The concerns are broadly felt all by officers of Local 3422C who, in testimonials, turn the pages of psychology into an in-your-face-reality. Towards the end of a week which includes four double shifts in a row, officers report incidents of blacking out on the way to, from, and during work. Several report being unable to bond with their infant children properly, and that their 2 year old does not recognize their dad.

One Officer, who wished to remain anonymous says, “I know for a fact that I'm operating on autopilot. These guys are training themselves to survive, to live their lives on short naps so they have a few waking hours with the family. It’s a matter of survival, but its not a healthy survival. From the captain on down, we’re in a dangerous survival mode.”

NM corrections officer pay remains uncompetitive and below the median income level for corrections officers, $18.81 according to the Bureau of Labor statistics. New Mexico begins officers at around $13.60 an hour, and even after a decade of service, they’re still well below the national rate.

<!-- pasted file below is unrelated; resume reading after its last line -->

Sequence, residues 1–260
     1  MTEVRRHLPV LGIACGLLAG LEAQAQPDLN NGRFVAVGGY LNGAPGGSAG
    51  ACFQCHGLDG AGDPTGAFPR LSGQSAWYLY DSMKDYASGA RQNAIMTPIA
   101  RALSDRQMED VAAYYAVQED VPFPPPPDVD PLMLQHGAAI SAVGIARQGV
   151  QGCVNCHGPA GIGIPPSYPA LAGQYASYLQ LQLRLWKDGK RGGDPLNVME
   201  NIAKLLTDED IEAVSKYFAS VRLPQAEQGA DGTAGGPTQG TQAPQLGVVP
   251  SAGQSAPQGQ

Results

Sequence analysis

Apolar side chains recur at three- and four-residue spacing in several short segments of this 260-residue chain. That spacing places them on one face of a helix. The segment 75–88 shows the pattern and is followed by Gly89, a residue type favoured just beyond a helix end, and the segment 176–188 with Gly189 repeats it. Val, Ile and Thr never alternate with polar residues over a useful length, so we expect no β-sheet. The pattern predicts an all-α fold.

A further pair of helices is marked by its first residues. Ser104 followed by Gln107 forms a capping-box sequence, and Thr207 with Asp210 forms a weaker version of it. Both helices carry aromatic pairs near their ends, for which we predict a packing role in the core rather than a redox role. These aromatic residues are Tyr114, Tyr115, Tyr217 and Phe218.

Sergeant Darnell often sees good officers leave to work for the county facilities who offer better pay. AFSCME represents officers at several county detention facilities. At Santa Fe, Valencia, and Dona Ana Counties, union officers were able to negotiate for upwards of 10% raises. Bernalillo County’s Metropolitan Detention Center, also an AFSCME union facility, hires at $17 and hour, a rate that far exceeds what the state pays its officers.

“Uncompetitive pay is a major factor preventing the facilities from escaping the 72 hour work week trap,” said Rob Trombley, AFSCME Public Safety Coordinator. “Recruiting and retaining men and women into the career is an urgent priority shared by the Department and AFSCME. Now we need the Governor, the legislature, and the public to appreciate the gravity of the situation. Rookies are entering an intense work environment where decisions can have immediate consequences. Many leave after training and exposure to a corrections career that includes so much required overtime at uncompetitive pay.”